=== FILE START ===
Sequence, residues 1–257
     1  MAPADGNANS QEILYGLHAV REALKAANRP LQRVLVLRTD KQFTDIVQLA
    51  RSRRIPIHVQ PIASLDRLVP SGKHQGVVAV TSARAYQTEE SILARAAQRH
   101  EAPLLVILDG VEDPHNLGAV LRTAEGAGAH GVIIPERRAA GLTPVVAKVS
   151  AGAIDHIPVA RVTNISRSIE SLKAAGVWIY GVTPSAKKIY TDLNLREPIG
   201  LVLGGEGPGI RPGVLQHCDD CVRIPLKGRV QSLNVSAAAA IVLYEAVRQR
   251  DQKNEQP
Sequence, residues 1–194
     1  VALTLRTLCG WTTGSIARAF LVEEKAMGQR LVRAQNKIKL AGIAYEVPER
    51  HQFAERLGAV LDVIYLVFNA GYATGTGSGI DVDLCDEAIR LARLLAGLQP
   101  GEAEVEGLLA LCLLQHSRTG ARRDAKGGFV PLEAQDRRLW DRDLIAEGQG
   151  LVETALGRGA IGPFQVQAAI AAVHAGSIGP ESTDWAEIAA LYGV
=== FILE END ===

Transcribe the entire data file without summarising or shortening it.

Sequence, residues 1–257
     1  MAPADGNANS QEILYGLHAV REALKAANRP LQRVLVLRTD KQFTDIVQLA
    51  RSRRIPIHVQ PIASLDRLVP SGKHQGVVAV TSARAYQTEE SILARAAQRH
   101  EAPLLVILDG VEDPHNLGAV LRTAEGAGAH GVIIPERRAA GLTPVVAKVS
   151  AGAIDHIPVA RVTNISRSIE SLKAAGVWIY GVTPSAKKIY TDLNLREPIG
   201  LVLGGEGPGI RPGVLQHCDD CVRIPLKGRV QSLNVSAAAA IVLYEAVRQR
   251  DQKNEQP
Sequence, residues 1–194
     1  VALTLRTLCG WTTGSIARAF LVEEKAMGQR LVRAQNKIKL AGIAYEVPER
    51  HQFAERLGAV LDVIYLVFNA GYATGTGSGI DVDLCDEAIR LARLLAGLQP
   101  GEAEVEGLLA LCLLQHSRTG ARRDAKGGFV PLEAQDRRLW DRDLIAEGQG
   151  LVETALGRGA IGPFQVQAAI AAVHAGSIGP ESTDWAEIAA LYGV